Here's an article mentioning the study, http://well.blogs.nytimes.com/2014/0...ype=blogs&_r=0

The niacin did what it was prescribed for, it made your numbers look good. The study claims that making the numbers look good did not improve heart related issues. Maybe the relationship between lipid numbers and heart disease aren't understood.
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Old 09-11-2014, 08:29 AM   #7
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I didn't even realize the drug was Niacin. In this case I'd be really furious with the doctor. I've got very low HDL, and I (with my doctor's agreement) started taking an over the counter Niacin supplement. It raised my HDL from <25 to the mid-40s with no other changes in medicine or lifestyle. It costs me about $20 every three months at GNC. There's no reason for DW and you to have to pay so much for the prescription version. Especially since there doesn't seem to be any other active ingredients than the niacin. It sounds like you have one of the many docs that scratch the back of the back scratching pharmaceutical reps. I'd seriously consider changing doctors.

Of course, IMHO you should have been doing the research on this drug and should have been questioning the doctor on why prescription vs. OTC. So you and DW have some responsibility here too. But I'd still dump the doc, since I couldn't trust him/her anymore.
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Old 09-11-2014, 11:06 AM   #8
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Many years ago a doc prescribed nisapan based on then available info on it and my personal parameters then. After researching the stuff, discovered slow release niacin is really bad for the body. In fact it stresses the liver as I remember. Can't remember all the gory details.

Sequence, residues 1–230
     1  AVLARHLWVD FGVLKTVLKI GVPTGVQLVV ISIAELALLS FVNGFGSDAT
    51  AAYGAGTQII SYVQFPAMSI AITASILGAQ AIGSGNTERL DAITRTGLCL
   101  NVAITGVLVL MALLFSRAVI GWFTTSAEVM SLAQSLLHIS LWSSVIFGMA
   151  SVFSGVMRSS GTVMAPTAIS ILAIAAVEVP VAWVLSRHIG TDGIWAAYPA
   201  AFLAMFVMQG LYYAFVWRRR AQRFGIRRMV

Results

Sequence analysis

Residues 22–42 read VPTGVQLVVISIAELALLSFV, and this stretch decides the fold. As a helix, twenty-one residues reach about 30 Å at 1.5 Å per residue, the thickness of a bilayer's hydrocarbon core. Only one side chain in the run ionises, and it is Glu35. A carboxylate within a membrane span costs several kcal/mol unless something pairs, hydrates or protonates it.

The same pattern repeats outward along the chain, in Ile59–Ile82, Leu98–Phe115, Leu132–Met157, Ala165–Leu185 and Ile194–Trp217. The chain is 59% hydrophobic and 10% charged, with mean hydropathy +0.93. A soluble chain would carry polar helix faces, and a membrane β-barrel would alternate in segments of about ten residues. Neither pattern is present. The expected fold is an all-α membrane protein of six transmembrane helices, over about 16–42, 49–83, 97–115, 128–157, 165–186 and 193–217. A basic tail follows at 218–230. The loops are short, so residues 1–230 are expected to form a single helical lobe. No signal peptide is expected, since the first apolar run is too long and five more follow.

One must always read the "mechanism of action" and all the other disclosures of all meds prescribed, and must understand each word therein in the most restrictive context. Sometimes a magnifier is needed to find the really gory details. Skip the reading at you peril. It is written by lawyers and chemists and FDA reviewed, it is virtually all CYA. Especially black box disclosures. I refused the stuff. I have been taking Niacin for long time.

Recent doc visit, he said: we now practice evidence based medicine, and the the lowering of numbers does not change longevity outcome. As a joke, I said I am shocked, you mean previously the evidence did not matter? We are on good terms, he gave wry smile.

IIRC there has been meta-analyses of the famed and oft quoted Framingham study, much of which has been intentionally misinterpreted by the drug companies to enhance sales of crap. My understanding is that cholesterol is an effect, not a cause. Inflammatory functions are causes. My body, my choices as to what I put in it.

By the way I will continue to take niacin, it is cheap, don't care that the lower "numbers" do not change date of death. A disliked effect the niacin flush, I think is a benefit and good thing. It dilates small blood vessels in the skin, thus gives a kind quick flush to the skin. And thus helps having supple skin. YMMV.

As an aside I was an early vicim of Bextra, and various famous cholesterol meds. Having survived the experiments, I now do a lot of reading before accepting any med. even if I accept it, it is only for very short term. As I get older I may need meds, but they will be exhaustively researched. There may come a time when there will be choice to made. Put up with nasty side effects or exit.
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Old 09-11-2014, 11:44 AM   #9
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Here's an ungated editorial about the HIT trial which gives a pretty good explanation:
http://eurheartj.oxfordjournals.org/.../1113.full.pdf
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Old 09-11-2014, 12:13 PM   #10
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Niacin Extended Release is available both OTC, as a generic prescription (as of 10/2013) and as a brand prescription.